A Transcendental Lesson
I’ve been reading “The Concord Quartet” about Bronson Alcott [Louisa May Alcott’s father], Ralph Waldo Emerson, Nathaniel Hawthorne, and Henry David Thoreau. It’s a great read, and I feel driven to share a story indicative of the book:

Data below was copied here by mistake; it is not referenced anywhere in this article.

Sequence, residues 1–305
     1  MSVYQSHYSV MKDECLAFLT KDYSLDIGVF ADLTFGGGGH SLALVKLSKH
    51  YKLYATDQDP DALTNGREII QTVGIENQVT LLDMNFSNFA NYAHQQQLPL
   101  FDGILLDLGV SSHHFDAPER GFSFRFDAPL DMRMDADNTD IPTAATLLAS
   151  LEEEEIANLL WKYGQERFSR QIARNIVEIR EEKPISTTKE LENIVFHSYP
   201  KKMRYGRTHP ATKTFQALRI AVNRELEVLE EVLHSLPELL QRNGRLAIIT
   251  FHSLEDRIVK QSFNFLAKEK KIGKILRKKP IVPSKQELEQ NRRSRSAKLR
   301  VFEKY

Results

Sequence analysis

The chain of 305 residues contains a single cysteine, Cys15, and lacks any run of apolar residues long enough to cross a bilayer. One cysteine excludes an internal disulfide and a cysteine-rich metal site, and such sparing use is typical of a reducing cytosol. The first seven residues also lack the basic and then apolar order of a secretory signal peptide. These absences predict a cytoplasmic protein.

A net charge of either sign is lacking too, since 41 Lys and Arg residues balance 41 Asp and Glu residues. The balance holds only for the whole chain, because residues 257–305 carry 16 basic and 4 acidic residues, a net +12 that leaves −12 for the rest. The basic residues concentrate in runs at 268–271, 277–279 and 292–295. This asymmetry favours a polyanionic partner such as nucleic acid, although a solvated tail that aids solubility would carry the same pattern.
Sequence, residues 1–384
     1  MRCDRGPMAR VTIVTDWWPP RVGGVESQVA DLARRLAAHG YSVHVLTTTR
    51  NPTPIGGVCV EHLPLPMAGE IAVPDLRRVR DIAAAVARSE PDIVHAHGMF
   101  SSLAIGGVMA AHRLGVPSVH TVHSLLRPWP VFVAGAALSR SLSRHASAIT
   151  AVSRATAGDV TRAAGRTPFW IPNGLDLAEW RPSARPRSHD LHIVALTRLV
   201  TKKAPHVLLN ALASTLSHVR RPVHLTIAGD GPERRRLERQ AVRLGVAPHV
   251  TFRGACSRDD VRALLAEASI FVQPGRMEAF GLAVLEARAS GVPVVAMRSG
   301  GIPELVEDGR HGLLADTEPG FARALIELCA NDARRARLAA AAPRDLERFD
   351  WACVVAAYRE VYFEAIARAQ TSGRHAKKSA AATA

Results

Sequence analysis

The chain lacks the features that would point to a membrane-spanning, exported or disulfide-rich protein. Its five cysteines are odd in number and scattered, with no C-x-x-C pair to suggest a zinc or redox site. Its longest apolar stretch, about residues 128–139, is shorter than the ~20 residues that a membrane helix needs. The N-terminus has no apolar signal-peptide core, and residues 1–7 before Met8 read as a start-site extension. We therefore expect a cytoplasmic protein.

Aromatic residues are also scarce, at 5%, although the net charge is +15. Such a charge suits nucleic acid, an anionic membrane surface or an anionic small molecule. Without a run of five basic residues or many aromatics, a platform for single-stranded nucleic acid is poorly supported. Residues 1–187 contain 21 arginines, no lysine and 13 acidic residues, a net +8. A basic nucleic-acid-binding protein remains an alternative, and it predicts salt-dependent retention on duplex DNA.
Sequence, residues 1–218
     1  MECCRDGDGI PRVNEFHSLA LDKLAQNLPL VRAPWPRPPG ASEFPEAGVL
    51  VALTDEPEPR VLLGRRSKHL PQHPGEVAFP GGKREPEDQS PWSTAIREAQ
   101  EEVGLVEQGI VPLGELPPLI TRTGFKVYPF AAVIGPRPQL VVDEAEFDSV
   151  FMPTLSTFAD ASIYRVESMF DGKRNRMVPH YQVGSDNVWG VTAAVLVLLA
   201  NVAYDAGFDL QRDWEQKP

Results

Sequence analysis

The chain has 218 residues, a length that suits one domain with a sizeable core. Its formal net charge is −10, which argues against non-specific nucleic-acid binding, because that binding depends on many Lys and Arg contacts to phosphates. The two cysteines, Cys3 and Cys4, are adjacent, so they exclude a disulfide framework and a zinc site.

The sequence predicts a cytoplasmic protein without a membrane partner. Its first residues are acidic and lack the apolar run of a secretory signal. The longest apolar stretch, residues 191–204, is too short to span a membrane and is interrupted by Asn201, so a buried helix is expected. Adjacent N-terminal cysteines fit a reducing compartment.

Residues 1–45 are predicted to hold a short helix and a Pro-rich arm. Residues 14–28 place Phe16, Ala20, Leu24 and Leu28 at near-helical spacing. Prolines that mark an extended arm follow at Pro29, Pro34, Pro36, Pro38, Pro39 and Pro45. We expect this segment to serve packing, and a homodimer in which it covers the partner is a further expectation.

Much as they loved him, [Bronson] Alcott’s family frequently wished that his head was not so far up in the clouds and his feet so far from earth, and yet they were often left in awe at the way things turned out for him. In one memorable instance when the family finances were at their lowest ebb, a stranger knocked at the door while Bronson was home alone. The man told a plausible hard-luck story and asked for a five-dollar loan. It happened that a twenty-dollar gold piece had come into Bronson’s possession that very day. Abba and the girls were out on a walk, looking into shops and making plans for how to spend this windfall. After hearing the stranger out, Bronson dug into his pocket, brought out the gold piece, and said, “I don’t have the change you want, but here, take this twenty.” The man grabbed the coin and left, and the usually understanding Abba indulged herself in a window-rattling blowup when she heard the story. As she anticipated, the newspapers the next day gave a description of the man and his method and reported that he had swindled a number of other people in the same neighborhood. Abba felt justified in her ire until an envelope arrived in which they found the gold coin and a hastily scribbled note: “I can’t rob a man so simple hearted as to give me four times what I ask.” The culprit was never caught, and none of the other victims recovered a penny. The Alcott household had been given more food for thought.